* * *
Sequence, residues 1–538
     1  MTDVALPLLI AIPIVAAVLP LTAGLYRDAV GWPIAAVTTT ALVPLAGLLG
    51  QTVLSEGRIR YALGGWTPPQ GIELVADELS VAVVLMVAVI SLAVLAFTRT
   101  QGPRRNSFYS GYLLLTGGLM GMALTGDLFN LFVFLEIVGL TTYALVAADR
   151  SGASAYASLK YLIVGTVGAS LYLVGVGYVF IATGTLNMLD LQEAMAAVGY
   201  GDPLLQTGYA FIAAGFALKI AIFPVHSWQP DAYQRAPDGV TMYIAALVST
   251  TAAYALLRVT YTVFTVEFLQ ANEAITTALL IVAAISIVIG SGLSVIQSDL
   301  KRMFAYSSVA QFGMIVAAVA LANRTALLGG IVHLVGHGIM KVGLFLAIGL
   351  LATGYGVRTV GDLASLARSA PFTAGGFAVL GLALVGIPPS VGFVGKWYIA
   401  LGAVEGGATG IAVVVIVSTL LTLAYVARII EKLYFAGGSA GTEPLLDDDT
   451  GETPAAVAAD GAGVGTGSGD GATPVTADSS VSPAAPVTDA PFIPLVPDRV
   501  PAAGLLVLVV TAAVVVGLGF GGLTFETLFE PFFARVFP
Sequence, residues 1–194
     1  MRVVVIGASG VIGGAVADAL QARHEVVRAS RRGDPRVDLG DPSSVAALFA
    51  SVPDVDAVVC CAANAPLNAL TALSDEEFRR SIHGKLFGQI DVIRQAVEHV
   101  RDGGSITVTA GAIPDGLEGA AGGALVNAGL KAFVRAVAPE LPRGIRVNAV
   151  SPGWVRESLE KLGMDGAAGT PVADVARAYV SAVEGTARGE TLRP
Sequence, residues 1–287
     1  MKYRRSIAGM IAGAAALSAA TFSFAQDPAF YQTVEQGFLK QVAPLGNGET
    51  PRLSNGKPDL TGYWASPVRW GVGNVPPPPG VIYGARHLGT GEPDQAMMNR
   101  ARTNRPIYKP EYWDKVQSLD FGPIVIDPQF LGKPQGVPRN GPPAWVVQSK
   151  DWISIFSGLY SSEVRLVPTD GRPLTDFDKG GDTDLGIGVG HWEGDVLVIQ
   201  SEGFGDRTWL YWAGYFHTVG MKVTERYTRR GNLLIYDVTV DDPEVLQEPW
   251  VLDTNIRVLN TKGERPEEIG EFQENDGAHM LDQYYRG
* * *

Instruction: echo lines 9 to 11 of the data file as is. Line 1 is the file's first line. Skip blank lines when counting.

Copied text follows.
   351  LATGYGVRTV GDLASLARSA PFTAGGFAVL GLALVGIPPS VGFVGKWYIA
   401  LGAVEGGATG IAVVVIVSTL LTLAYVARII EKLYFAGGSA GTEPLLDDDT
   451  GETPAAVAAD GAGVGTGSGD GATPVTADSS VSPAAPVTDA PFIPLVPDRV